|Divya G. Shastry
Biochemistry & Biophysics
With so many members of my family being doctors, engineers, and scientists, I always knew that I would pursue further education after getting an undergraduate degree. The School of Science Accelerated BS/PhD program allows me to actively and realistically pursue the idea of obtaining a PhD by the time I am 25. I have always been interested in the biological sciences and biological engineering and at RPI, I feel that the interdisciplinary approach to research allows me to have an integrated experience: here, I can both do science as well as see the direct application of my research.
Since my father received Master's and PhD degrees from RPI and my sister received a bachelor's degree from here, I luckily had a great deal of information about RPI before and after starting here as an undergrad. When I heard about the Accelerated PhD program, I decided to take a shot and apply: the idea of starting research early with a fixed goal in mind strongly appealed to me.
After completing rotations in the labs of Dr. Robert Linhardt and Dr. Patrick Maxwell, I joined Dr. Pankaj Karande's lab in the Department of Chemical and Biological Engineering last year (at the beginning of my junior year), where I am co-advised by Dr. Karande and Dr. Linhardt. During my rotation in the Karande lab, I was introduced to a project involving targeted drug delivery through the blood brain barrier. My current work, funded by the National Science Foundation Graduate Research Fellowship Program, involves the design and study of peptides for the recognition of biochemical elements in targeted protein states. This work can lead to insights in the structural biochemistry of proteins as well as have biosensing applications. I have also been involved with the development of peptide affinity ligands for purification and analysis of biologics and have continued to work on an aspect of the blood-brain barrier project involved in E. coli expression of Beta Nerve Growth Factor.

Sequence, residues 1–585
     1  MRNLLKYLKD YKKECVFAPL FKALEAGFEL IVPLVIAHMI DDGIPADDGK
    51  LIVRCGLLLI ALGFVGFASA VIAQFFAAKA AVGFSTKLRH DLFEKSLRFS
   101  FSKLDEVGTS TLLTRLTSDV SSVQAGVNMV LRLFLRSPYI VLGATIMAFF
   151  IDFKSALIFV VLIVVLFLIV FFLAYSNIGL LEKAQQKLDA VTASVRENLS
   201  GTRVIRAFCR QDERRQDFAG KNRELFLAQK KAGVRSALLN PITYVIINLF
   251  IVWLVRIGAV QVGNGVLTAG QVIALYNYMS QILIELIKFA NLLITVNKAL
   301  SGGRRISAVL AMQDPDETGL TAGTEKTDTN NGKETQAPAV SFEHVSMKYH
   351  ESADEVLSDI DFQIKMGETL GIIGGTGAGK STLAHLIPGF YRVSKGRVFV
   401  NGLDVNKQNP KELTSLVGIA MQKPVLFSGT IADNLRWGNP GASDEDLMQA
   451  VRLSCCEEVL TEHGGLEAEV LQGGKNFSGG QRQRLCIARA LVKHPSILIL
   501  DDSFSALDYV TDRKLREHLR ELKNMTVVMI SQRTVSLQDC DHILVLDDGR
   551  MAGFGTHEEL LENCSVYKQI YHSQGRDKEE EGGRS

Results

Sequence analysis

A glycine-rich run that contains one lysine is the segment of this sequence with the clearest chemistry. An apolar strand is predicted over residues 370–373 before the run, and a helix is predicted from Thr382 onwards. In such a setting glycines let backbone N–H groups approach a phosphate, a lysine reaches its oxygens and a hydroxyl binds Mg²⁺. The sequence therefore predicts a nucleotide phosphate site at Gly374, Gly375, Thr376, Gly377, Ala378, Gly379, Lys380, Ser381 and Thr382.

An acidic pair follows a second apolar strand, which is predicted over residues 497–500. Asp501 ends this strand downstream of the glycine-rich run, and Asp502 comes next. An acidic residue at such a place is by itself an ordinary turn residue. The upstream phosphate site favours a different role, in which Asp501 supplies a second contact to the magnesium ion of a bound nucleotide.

Outside of research, I have been involved with the Women's Mentor Program, Tri-Beta Biological Honors Society, and the Indian Student's Association. I am also a member of RPI's symphonic band, where I play the flute. In my free time I enjoy reading, writing, and spending time with my sister.
Through the Accelerated Program, I feel that I can be a part of the quest to understand how the world works - in anything from uncovering minute mechanisms in a cell to taking a step in the large war against cancer - in an exciting and unique research opportunity.